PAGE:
To all whom these presents shall come, greeting!
Reminder: this is my personal blog, conveying my personal opinions
When John Reith lobbied the government of the day for the creation of the British Broadcasting Corporation (having served as the British Broadcasting Company’s general manager for a year), it was in recognition of the fact that spectrum was a limited resource, and so broadcasting was too important to be left solely in the hands of those who would provide anything less than universal service. The result was a corporation was publicly-funded, but independent of both the government’s editorial agenda and the finer detail of who paid the bills; the BBC was conceived as being truly universal.
In 2015, this structure remains at the heart of the constitutional make-up of the corporation, and despite the protestation of some commercially-interested critics, is far from an anachronism. Indeed, the BBC is a uniquely good force in providing services for nearly everyone, while being simultaneously funded by nearly everyone (in terms of coverage, the household-level Licence Fee has a greater level of universality than Income Tax). Nowhere is this made clearer than in the definition of “licence fee payer” in the current Charter:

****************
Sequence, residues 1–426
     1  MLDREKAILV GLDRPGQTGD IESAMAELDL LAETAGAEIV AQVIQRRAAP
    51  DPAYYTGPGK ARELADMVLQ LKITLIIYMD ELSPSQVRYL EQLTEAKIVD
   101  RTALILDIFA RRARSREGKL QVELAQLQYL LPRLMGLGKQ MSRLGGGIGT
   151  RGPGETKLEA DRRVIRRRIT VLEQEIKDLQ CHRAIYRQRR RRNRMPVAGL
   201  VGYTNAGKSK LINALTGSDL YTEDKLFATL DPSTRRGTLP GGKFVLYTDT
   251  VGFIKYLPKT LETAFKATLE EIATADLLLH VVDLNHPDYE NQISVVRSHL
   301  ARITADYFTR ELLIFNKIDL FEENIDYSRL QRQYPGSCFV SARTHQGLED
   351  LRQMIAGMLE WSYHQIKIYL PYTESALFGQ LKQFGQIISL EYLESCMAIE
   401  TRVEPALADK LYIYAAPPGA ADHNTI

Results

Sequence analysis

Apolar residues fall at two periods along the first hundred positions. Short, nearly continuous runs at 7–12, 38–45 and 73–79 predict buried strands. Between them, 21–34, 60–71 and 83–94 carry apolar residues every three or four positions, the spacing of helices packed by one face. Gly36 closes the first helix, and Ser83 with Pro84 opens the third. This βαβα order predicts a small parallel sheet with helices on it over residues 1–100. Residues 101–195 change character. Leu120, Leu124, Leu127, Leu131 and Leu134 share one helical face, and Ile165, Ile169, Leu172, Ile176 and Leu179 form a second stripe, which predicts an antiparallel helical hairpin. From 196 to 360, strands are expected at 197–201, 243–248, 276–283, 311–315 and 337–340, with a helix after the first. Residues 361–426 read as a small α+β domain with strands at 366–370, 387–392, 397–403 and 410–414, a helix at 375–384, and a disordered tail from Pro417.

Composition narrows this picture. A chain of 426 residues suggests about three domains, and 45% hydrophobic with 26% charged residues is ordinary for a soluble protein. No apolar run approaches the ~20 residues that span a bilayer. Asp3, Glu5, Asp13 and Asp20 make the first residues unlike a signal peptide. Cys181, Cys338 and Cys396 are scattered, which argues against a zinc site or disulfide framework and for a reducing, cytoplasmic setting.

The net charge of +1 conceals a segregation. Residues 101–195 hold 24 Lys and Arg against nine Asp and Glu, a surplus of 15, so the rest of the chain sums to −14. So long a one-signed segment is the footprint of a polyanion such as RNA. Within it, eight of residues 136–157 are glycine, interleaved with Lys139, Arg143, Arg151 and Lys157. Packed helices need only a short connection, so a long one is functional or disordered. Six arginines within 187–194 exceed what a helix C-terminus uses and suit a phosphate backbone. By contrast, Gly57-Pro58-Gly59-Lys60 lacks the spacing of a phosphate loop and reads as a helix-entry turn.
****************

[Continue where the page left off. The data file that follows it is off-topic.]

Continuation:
In this Charter, a reference to a “licence fee payer” is not to be taken literally but includes […] any other person in the UK who watches, listens to or uses any BBC service, or may do so or wish to do so in the future.
Side-note: If you ignore the “Elizabeth the Second by Grace of God of the United Kingdom…” stuff, the Charter is intended to be read by the likes of you and me, rather than just politicians and civil servants. Don’t forget the agreement, too, which goes into a bit more of the nitty-gritty about it all.
Given the impending Charter renewal, and the increasing ubiquity of the Internet, it is crucial that the BBC continues to reflect its public service credentials upon new media as they emerge. The BBC’s Public Purposes are intended to codify this, albeit in not the most accessible of language—each one of the six embodies an ideal of building upon independence and universality to do something only the BBC can, across citizenship, education, culture, inclusivity, the global community, and crucially in this case, the benefits of communications technologies.
The mistake that everyone makes with the idea of “digital public space” that’s been kicked around for some time now is to assume the interventions need to happen at the upper layers of the Internet. “The Web’s not at all broken beyond repair!”, people shout. They are right. In fact, I count myself amongst them.